“I want Human Nature not just to be a brand among many brands, but a sustainable, compassionate lifestyle of choice.” -- Ben Secretario, Senior Key Accounts Manager
A few years ago, after a stint in key accounts management for a multinational fast-moving consumer goods company, I took a Master’s program in entrepreneurship in New Zealand. For my graduate thesis - a business incubation project - I studied entrepreneurial processes that thrived in the Philippines, and consumption and purchase practices that could mitigate climate change risk.
Human Nature was one of the companies I looked into because of its pro-environment advocacy and its sustainable business model. The raw materials are natural, it doesn’t use sachets, and among all the social enterprises in the Philippines, it was the only one that was actively putting forth its social enterprise principles in a mainstream industry.
I reflected on what I would do after completing my degree, and knew I wanted to be in a company that promotes a social cause. I weighed going into the large FMCG companies, or a small company like Human Nature.
When I got back, I learned that Human Nature was also present in retail. So I told myself that since my experience was in key accounts management, and Human Nature was, to me, the premier social enterprise, I wanted to become part of it.
I thought that I would be doing the exact same key accounts work in Human Nature. But when I joined, I found out that we were not just talking about making the products available in the market, but the benefits of making the products available.
Before, my mindset was simply to hit sales targets. But here, we are doing this because we are fighting against poverty, we are helping uplift farming communities, we are sending scholars to the School for Experiential and Entrepreneurial Development (SEED). Years before, I was proud of the “trade wins” I was negotiating successfully to get concessions in my accounts because I was making money and saving money for my previous company. But for Human Nature, our trade wins do not stay in the company - they help our partner farming communities, the entrepreneur-scholars we are sponsoring, and our employees. The retail department of Human Nature was built because we want to transform merchandisers’ lives through dignified work.
I can’t deny that I struggled during my first few months in the company – my teammates all knew this. It’s different because we are a social enterprise wanting to go mainstream. But the market doesn’t yet have a strong consciousness of what a social enterprise is. At first, our buyers would treat us as if we were any other supplier. But we don’t want to be seen as the usual supplier. We want to be considered as their partner for nation-building.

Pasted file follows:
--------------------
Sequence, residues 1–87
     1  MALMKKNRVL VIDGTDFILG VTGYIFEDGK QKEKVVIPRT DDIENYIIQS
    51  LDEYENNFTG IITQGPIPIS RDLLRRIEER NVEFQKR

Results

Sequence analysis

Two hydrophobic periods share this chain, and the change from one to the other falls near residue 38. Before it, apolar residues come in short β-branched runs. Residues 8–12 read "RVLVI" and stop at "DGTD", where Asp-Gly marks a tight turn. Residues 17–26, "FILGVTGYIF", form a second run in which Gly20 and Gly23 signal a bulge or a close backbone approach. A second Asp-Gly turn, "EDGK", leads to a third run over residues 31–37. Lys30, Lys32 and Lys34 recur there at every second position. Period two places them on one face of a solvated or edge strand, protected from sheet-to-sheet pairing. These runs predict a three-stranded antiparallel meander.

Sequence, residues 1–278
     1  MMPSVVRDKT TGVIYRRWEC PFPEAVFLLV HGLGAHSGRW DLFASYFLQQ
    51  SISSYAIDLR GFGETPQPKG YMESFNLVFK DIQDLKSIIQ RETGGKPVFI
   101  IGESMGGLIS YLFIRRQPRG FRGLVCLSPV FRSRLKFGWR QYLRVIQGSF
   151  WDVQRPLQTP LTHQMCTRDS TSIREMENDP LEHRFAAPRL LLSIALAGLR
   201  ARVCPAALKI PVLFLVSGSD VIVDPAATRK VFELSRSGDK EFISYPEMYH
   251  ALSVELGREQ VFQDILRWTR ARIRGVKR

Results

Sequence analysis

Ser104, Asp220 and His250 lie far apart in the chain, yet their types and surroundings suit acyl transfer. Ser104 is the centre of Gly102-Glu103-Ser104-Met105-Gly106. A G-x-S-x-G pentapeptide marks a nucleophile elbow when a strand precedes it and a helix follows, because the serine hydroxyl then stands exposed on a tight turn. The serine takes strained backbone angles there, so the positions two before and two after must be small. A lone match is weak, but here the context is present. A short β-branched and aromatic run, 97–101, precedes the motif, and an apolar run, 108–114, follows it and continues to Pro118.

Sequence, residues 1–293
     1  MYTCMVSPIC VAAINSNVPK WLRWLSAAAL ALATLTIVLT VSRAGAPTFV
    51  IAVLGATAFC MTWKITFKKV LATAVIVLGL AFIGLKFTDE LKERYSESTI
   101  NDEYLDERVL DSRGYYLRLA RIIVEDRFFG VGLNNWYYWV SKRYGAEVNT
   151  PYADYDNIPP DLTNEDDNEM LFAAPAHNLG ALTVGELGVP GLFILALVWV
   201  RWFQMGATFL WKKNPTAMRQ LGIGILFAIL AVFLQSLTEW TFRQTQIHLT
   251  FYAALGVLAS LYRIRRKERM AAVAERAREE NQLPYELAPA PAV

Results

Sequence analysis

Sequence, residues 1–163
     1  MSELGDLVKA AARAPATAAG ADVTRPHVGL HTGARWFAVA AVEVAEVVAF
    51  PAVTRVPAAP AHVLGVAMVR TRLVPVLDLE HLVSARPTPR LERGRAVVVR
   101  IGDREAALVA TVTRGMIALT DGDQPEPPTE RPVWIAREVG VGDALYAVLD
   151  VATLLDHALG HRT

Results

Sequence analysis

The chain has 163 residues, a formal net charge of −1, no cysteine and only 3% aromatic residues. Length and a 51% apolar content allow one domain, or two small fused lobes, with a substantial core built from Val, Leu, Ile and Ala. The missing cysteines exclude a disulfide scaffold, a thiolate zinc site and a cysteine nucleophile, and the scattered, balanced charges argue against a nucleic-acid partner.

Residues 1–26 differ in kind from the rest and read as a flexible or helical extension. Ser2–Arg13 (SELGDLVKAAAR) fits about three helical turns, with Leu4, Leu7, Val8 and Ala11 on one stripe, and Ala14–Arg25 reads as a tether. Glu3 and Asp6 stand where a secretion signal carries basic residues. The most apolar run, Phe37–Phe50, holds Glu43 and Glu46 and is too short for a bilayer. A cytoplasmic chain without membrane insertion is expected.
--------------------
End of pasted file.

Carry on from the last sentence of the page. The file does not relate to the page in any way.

My entrance to Human Nature was very timely, because at the time, we were just starting to introduce new social enterprises like Bayani Brew, Theo & Philo and First Harvest into the supermarket. When we began, it was very difficult. We were still fumbling at negotiating trading terms and managing their accounts. Social entrepreneurs were also hesitant about competing with strong supermarket brands. Yet in the same way that Human Nature entered retail, we were able to help them understand each others’ business purpose. One wants to make profit but also wants to benefit the community. We just had to make them meet. And Super Goods was that manifestation – a supermarket category of true social enterprises that aim to genuinely uplift Filipinos out of poverty, for good.
Ben and his colleagues from the Retail Team take a break from the recently held Social Business Summit at the GK Enchanted Farm in Bulacan
There’s still a lot to be done, but I am very delighted at how Super Goods is moving - because in the industry, no one has really championed social enterprises in mainstream supermarkets. My vision is to expand it even more. I’d like to see even more social enterprise products present, because this is a movement that we want to champion. These trade wins give us confidence that the market is already ready for social enterprise products to be on the regular shelves.
At the same time, when we talk to our buyers, we are talking differently. We are not just transforming our company, but we are also transforming the market through our buyers. We are not just bringing in the money to build their business, but they are also getting a sense of achievement because Human Nature is part of their portfolio. The things we are doing as buyer and vendor together will help improve someone else’s life. We also transform the way they do business.
It’s so inspiring that the accounts we have now have that kind of consciousness. And because they have that consciousness, they also paved the way for social enterprises to be part of their portfolio. And this different way that we do business together makes a positive difference in our nation.
Retail in the Philippines is very promising. Retail in the US and European market is plateauing – but in the Philippines and Southeast Asia, we haven’t seen its peak yet. And my vision is to put Human Nature in the forefront of the natural segment. When people think about naturals, it’s Human Nature. I want to see a consumption and purchase practice that will not just mitigate climate change risk but will improve lives. I want Human Nature not just to be a brand among many brands, but a sustainable, compassionate lifestyle of choice. This is why I feel so excited about my work. Because I know the industry, I want to share what I know so that others can benefit. Thinking of the lives that can change makes me work better and harder.
What I like about Human Nature is that we are not afraid of trying things. I tell my friends, I’m in Human Nature because of mutual value. Since Human Nature’s vision is aligned with mine, I can see myself growing with it – and I’m very happy with the decision I made.